She had no real profession. She could see for herself no future at Milton Security. It was not Armansky's fault. In all probability, he would have liked her to work full-time and turn herself into an efficient cog in the company machine, but at the age of twenty-five she lacked the education, and she had no wish to find herself pushing fifty and still plodding away doing investigations of crooks in the corporate world. It was an amusing hobby - not a lifetime career.
Another reason she was reluctant to return to Stockholm was Blomkvist. In Stockholm she would risk running into Kalle Fucking Blomkvist, and at the moment that was just about the last thing she wanted to do. He had hurt her. She acknowledged that this had not been his intention. He had behaved rather decently. It was her own fault that she had fallen "in love" with him. The very phrase was a contradiction when it came to Lisbeth Fucking Bitch Salander.
Blomkvist was known for being a ladies' man. At best she had been an amusing diversion, someone on whom he had taken pity at a moment when he needed her and there was no-one better available. But he had quickly moved on to yet more amusing company. She cursed herself for lowering her guard and letting him into her life.
When she came to her senses again she cut off all contact with him. It had not been easy, but she had steeled herself. The last time she saw him she was standing on a platform in the tunnelbana at Gamla Stan and he was sitting in the train on his way downtown. She had stared at him for a whole minute and decided that she did not have a grain of feeling left, because it would have been the same as bleeding to death. Fuck you. He had noticed her just as the doors closed and looked at her with searching eyes before she turned and walked away as the train pulled out.
She didn't understand why he had so stubbornly tried to stay in contact with her, as if she were some fucking welfare project he had taken on. It annoyed her that he was so clueless. Every time he sent her an email she had to force herself to delete the message without reading it.
Stockholm did not seem in the least attractive. Apart from the freelance work for Milton Security, a few discarded bed partners, and the girls in the old rock group Evil Fingers, she hardly knew anyone in her hometown.
The only person she had any respect for now was Armansky. It was not easy to define her feelings for him. She had always felt a mild surprise that she was attracted to him. If he had not been quite so married, or quite so old, or quite so conservative, she might have considered making an advance.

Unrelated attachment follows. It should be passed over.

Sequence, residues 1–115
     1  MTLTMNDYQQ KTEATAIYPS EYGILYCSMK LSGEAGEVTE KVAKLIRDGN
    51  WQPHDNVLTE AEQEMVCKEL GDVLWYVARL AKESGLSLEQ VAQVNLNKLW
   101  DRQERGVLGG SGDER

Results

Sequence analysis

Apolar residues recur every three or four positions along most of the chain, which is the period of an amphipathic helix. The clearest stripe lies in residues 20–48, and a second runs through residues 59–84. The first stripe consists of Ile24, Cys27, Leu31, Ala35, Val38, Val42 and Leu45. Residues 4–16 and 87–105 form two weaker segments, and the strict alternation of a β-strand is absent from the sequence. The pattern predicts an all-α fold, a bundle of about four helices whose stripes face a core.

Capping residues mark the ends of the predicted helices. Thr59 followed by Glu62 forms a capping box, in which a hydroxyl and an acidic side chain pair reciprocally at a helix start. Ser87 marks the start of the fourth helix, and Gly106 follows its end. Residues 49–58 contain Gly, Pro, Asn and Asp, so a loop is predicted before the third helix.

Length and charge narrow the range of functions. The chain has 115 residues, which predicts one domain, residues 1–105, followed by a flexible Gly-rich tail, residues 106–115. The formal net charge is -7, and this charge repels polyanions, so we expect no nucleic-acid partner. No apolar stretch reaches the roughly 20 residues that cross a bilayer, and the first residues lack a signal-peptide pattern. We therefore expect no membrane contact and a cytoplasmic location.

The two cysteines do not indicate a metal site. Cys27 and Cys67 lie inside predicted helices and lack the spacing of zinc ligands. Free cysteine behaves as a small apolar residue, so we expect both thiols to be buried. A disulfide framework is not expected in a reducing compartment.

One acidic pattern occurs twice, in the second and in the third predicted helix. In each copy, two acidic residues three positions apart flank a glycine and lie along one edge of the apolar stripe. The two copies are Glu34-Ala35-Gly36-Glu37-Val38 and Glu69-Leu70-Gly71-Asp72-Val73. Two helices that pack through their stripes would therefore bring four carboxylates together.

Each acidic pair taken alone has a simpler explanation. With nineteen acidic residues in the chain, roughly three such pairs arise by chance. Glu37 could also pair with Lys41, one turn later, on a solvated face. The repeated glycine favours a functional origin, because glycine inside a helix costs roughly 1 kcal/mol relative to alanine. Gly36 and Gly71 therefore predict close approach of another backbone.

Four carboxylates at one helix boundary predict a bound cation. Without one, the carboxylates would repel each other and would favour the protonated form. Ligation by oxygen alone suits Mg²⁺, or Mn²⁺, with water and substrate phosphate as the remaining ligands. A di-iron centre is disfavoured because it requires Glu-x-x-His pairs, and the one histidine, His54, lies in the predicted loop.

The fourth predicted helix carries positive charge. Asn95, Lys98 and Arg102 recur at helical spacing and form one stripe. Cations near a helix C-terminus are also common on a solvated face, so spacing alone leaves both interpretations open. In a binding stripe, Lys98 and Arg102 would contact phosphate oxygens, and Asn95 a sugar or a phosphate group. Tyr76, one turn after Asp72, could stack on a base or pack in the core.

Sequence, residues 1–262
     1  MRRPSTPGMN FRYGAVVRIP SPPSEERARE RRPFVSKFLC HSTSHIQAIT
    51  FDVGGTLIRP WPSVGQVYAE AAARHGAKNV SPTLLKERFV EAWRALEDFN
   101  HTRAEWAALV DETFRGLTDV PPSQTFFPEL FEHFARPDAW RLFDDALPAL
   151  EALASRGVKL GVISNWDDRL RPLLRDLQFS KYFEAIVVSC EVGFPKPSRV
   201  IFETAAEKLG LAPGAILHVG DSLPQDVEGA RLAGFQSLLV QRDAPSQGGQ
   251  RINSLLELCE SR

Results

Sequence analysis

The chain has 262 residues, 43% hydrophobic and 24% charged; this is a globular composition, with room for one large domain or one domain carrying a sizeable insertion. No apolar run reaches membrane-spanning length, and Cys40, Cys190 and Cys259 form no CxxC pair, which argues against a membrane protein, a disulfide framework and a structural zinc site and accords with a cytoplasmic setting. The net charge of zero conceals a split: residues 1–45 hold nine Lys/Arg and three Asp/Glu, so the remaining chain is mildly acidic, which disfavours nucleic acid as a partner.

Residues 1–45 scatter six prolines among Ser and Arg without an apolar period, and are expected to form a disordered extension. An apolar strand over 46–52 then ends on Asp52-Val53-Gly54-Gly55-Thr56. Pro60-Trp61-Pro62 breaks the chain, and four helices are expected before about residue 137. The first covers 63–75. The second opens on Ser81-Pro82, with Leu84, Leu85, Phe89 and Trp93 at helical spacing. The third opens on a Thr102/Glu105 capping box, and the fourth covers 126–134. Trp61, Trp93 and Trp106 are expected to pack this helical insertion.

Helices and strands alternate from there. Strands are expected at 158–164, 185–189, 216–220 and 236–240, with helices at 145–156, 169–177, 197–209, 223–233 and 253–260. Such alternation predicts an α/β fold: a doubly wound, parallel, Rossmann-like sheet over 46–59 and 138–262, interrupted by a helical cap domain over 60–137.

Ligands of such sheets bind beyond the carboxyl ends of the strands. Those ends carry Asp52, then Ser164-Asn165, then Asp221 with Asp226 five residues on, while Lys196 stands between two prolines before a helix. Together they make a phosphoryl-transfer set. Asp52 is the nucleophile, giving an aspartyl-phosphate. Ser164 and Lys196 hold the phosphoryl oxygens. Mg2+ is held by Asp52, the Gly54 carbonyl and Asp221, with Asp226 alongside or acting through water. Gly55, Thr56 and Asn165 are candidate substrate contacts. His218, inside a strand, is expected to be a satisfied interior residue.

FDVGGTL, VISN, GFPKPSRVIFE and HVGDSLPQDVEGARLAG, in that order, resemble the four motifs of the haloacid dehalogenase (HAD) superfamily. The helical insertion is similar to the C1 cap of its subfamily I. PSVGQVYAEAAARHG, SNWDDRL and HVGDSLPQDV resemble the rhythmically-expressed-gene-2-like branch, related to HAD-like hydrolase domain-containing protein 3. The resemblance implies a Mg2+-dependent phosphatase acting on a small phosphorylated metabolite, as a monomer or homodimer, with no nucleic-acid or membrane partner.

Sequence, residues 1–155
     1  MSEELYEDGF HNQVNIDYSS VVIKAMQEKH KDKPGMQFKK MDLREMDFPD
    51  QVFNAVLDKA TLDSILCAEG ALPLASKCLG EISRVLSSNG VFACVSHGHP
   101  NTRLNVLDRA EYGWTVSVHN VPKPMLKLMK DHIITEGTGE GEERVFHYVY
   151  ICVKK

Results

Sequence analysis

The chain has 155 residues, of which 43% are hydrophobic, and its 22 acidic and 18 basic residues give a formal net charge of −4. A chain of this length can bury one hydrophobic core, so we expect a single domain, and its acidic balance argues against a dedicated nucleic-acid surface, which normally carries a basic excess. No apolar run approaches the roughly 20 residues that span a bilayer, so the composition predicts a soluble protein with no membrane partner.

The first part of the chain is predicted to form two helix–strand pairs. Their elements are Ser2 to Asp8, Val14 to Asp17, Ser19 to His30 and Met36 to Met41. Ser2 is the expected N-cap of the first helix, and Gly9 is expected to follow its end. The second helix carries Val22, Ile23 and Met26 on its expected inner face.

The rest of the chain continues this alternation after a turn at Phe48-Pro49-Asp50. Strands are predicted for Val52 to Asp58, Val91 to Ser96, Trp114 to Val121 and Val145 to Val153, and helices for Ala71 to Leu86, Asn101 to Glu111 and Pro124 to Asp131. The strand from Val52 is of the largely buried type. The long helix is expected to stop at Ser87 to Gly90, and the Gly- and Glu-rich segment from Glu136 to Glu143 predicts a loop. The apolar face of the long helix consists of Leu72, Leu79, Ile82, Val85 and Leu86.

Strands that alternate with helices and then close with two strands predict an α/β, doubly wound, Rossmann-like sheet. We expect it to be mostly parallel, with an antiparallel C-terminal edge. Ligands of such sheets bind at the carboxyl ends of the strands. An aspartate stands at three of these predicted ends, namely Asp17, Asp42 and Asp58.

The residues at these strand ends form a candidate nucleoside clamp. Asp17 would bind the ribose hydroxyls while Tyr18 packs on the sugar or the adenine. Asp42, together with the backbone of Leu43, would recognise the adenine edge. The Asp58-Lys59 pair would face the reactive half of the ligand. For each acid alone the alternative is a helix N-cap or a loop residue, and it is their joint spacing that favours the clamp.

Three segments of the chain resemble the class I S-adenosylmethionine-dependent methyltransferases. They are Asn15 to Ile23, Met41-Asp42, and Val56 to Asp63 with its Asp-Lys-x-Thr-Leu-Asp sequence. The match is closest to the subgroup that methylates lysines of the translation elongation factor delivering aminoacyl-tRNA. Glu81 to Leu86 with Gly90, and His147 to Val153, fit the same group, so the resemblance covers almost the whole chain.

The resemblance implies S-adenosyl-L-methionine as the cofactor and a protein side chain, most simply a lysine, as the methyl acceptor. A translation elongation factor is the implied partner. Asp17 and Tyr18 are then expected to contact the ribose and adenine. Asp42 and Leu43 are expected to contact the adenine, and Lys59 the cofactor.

So she took out her diary and turned to the atlas section. She had never been to Australia or Africa. She had read about but never seen the Pyramids or Angkor Wat. She had never ridden on the Star Ferry between Kowloon and Victoria in Hong Kong, and she had never gone snorkelling in the Caribbean or sat on a beach in Thailand. Apart from some quick business trips when she had visited the Baltics and neighbouring Nordic countries, as well as Zurich and London, of course, she had hardly ever left Sweden. As a matter of fact, she had seldom been outside Stockholm.
In the past she could never afford it.
She stood at the window of her hotel room overlooking Via Garibaldi in Rome. The city was like a pile of ruins. Then she made up her mind. She put on her jacket and went down to the lobby and asked if there was a travel agent in the vicinity. She booked a one-way ticket to Tel Aviv and spent the following days walking through the Old City in Jerusalem and visiting the al-Aqsa Mosque and the Wailing Wall. She viewed the armed soldiers on street corners with distrust, and then she flew to Bangkok and kept on travelling for the rest of the year.
There was only one thing she really had to do. She went to Gibraltar twice. The first time to do an in-depth investigation of the man she had chosen to look after her money. The second time to see to it that he was doing it properly.
It felt quite odd to turn the key to her own apartment on Fiskargatan after such a long time.
She set down her groceries and her shoulder bag in the hall and tapped in the four-digit code that turned off the electronic burglar alarm. Then she stripped off her damp clothes and dropped them on the hall floor. She walked into the kitchen naked, plugged in the refrigerator, and put the food away before she headed for the bathroom and spent the next ten minutes in the shower. She ate a meal consisting of a Billy's Pan Pizza, which she heated in the microwave, and a sliced apple. She opened one of her moving boxes and found a pillow, some sheets, and a blanket that smelled a little suspect after having been packed away for a year. She made up her bed on the mattress in a room next to the kitchen.